Three bears that threaten investors in 2022

by | Dec 14, 2021

By Charles-Henry Monchau, chief investment officer at Bank Syz

2021 will be remembered as an extraordinary year for global risk assets. While omicron has created recent fresh market jitters, asset classes across had an outstanding year. Meanwhile, US inflation hit a 30-year high while job openings and wages surged. Yet the bull run hasn’t calmed the hyperactivity at central banks and governments.

The Federal Reserve continues to hold US interest rates at 0% and continues to expand its balance sheet. US money supply has increased nearly 40% since 2020, its largest ever two-year increase. The US Federal Government continues to borrow and to spend trillions of dollars despite a looming debt ceiling. Most developed countries and central banks are following the US, with monetary base expansion, fiscal stimulus and ever-increasing debt levels.

The question for investors is whether the ‘goldilocks’ market and macroeconomic conditions in place since the second quarter of 2020 will continue. The current balance looks rather fragile. But the global economy should not overheat, keeping key policy rates on hold, but should be strong enough to avoid sparking recession fears.

While omicron creates a fresh uncertainty over supply chain disruption, we believe that the worst of concerns about stagflation have mostly been priced into markets While inflation might stay sticky for a while, lower-than-expected growth will let central banks keep interest rates low in 2022. This would be positive for risk assets. We also expect earnings growth momentum to remain a tailwind for global equities.

While this ‘goldilocks’ scenario means that we are in favour of an overweight stance on risk assets, we also believe that volatility may rise next year as markets face some downside risks. We call them the ‘three bears’ and the appearance of any one may trigger a meaningful market decline.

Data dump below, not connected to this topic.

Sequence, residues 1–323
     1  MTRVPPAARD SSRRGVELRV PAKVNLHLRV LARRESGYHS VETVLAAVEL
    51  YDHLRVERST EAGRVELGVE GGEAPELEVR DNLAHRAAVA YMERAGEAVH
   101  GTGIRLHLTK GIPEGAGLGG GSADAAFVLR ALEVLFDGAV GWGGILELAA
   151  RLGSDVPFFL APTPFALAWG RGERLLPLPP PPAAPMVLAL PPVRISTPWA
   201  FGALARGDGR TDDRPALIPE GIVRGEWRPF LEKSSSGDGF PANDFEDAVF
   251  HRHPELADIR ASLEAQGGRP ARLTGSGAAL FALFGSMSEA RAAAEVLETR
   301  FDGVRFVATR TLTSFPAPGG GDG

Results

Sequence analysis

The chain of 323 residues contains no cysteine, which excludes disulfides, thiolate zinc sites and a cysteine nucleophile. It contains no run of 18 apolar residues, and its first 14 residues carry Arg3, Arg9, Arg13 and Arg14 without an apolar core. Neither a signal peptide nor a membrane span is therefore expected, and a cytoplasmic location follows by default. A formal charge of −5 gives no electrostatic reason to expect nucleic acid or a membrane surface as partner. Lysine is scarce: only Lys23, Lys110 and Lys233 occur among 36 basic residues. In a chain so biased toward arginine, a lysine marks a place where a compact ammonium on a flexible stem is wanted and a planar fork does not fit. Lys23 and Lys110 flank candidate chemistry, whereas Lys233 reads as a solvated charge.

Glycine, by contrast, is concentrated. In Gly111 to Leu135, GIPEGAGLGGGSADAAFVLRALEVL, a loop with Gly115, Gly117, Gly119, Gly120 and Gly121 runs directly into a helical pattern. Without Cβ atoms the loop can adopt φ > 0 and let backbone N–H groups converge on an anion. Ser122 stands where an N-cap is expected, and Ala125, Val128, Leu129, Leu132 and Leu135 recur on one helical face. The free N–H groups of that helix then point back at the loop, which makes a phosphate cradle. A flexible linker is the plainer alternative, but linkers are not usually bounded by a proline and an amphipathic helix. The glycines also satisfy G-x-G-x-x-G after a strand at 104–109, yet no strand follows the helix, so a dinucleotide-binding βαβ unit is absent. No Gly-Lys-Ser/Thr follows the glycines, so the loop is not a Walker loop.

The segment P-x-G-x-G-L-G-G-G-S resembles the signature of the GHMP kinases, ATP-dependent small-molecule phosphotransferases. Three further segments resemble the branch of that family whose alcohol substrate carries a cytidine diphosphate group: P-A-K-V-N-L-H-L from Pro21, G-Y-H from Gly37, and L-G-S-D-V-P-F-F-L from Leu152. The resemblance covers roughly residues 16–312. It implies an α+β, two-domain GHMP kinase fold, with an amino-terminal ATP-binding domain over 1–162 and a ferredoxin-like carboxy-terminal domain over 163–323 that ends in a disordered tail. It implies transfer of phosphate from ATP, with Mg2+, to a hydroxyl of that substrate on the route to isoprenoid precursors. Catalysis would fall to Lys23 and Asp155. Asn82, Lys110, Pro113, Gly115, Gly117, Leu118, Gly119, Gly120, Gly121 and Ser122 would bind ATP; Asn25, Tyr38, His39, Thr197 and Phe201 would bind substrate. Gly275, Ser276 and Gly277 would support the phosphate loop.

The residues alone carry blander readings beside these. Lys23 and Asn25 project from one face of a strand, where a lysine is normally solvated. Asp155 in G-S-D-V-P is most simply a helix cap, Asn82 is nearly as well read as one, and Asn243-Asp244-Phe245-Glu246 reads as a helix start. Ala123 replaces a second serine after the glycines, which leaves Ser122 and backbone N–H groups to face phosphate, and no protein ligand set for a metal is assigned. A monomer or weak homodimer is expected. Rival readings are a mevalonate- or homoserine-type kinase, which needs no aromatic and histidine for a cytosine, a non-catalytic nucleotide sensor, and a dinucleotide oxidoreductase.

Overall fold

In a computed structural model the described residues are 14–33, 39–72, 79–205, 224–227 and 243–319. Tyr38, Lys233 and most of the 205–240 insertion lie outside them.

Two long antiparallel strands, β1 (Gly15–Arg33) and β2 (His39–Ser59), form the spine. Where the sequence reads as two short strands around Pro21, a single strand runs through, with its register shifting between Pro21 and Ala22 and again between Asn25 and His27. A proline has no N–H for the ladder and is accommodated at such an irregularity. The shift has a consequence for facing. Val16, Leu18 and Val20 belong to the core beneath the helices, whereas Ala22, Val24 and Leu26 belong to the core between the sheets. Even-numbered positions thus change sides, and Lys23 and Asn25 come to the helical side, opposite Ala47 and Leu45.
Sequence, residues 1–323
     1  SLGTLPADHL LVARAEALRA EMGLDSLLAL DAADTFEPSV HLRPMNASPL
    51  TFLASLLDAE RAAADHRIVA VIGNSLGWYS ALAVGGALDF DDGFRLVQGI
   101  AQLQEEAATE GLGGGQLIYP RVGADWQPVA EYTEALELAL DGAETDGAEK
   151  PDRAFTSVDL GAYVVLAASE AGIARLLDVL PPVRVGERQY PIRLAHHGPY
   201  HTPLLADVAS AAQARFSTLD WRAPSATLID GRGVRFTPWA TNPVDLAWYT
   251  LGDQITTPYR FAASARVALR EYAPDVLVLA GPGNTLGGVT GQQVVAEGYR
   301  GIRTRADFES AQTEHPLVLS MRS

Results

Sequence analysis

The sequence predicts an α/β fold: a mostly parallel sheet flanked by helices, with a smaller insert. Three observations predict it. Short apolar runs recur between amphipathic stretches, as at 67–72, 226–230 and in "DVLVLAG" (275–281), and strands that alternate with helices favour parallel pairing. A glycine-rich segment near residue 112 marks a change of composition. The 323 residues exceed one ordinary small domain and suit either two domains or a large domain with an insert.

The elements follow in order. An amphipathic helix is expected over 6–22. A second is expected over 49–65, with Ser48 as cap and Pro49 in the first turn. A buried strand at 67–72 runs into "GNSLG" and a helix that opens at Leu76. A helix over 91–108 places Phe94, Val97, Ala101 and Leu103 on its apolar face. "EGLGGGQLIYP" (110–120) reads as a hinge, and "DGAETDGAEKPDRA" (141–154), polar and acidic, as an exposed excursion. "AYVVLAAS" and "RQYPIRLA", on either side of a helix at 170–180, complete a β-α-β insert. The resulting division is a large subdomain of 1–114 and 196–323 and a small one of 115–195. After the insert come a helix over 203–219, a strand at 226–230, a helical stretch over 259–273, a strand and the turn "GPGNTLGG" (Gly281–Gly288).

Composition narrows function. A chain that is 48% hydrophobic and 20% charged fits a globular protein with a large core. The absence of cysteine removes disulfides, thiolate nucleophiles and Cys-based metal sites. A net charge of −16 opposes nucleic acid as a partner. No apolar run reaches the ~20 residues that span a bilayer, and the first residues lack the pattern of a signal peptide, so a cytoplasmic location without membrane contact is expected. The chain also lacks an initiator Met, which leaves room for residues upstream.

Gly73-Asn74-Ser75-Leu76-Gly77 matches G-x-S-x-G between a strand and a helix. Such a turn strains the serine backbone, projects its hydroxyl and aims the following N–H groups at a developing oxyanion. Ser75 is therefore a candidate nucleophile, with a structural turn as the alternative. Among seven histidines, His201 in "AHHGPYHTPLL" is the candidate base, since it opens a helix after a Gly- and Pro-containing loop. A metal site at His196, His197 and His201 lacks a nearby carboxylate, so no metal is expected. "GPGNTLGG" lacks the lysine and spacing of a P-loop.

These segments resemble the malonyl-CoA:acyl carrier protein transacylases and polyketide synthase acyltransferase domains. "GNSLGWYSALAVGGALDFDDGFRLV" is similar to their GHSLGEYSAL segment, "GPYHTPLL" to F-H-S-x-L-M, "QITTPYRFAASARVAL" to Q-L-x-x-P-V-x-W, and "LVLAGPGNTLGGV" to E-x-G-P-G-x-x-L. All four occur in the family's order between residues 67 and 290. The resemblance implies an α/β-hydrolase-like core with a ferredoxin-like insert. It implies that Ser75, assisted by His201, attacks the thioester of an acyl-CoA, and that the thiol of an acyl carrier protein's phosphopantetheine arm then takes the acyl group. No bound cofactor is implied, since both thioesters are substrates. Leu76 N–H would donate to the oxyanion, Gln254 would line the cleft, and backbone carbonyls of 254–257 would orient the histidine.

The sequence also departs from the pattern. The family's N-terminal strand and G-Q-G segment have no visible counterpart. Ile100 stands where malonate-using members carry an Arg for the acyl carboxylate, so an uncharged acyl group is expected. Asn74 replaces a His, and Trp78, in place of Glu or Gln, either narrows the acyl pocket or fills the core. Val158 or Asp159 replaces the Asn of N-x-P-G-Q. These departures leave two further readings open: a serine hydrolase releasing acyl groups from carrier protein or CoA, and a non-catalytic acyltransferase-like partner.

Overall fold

First bear: Flagging Chinese growth

The first ‘bear’ is China. Its regulatory crackdowns should continue through 2022. In addition, we do not believe the Chinese authorities have any appetite to engineer a re-acceleration of growth.

As such, China may continue to disappoint next year and weigh on global economic growth, perhaps a little more than expected. The delayed effects of deleveraging some parts of their economy, for example in real estate, also create an elevated risk for markets.

Second bear: Supply-side squeeze

The second ‘bear’ is stubbornly high inflation. Supply bottlenecks and labour shortages have pushed inflation expectations to uncomfortably high levels in 2021. Persistent inflation would undermine purchasing power and consumer sentiment.

While downward revisions to growth and production normalization reduce the risk of an inflationary spike in 2022, the longer inflation stays high, the more it becomes self-fulfilling and puts the global economic recovery at risk. Meanwhile, the spectre of potentially vaccine-resistant variant, such as omicron, significantly raises the threat level.

Third bear: Central bank error

The third ‘bear’ is a potential policy mistake. As we all know, the current equity bull market remains – to some extent – dependent on monetary and fiscal policies. Global central banks sound slightly less dovish and global fiscal policy has shifted to a tightening mode. While we believe that the market should be able to absorb a small and gradual monetary policy adjustment, the current context does not leave much room for a policy miscommunication.

On the fiscal front, there is also a risk of disappointment, and a growing threat of another US debt ceiling. We remain convinced that our disciplined and nimble investment approach will prove effective in helping our clients to achieve their risk-adjusted return targets. We also believe that the current macroeconomic environment of ample liquidity and creative disruption generates outstanding opportunities for investors on at least two levels.

First, the world is going through an extraordinary period of innovation, in technology, healthcare, energy transition and many other sectors. A handful of industries and companies are being disrupted, paving the way for winners and losers. The second area of opportunities lies with market dislocation. A very high level of financial leverage, over-optimistic expectations and expensive valuations will spur market volatility and trigger some forced sell offs. This will create exceptional alpha opportunities for astute investors.

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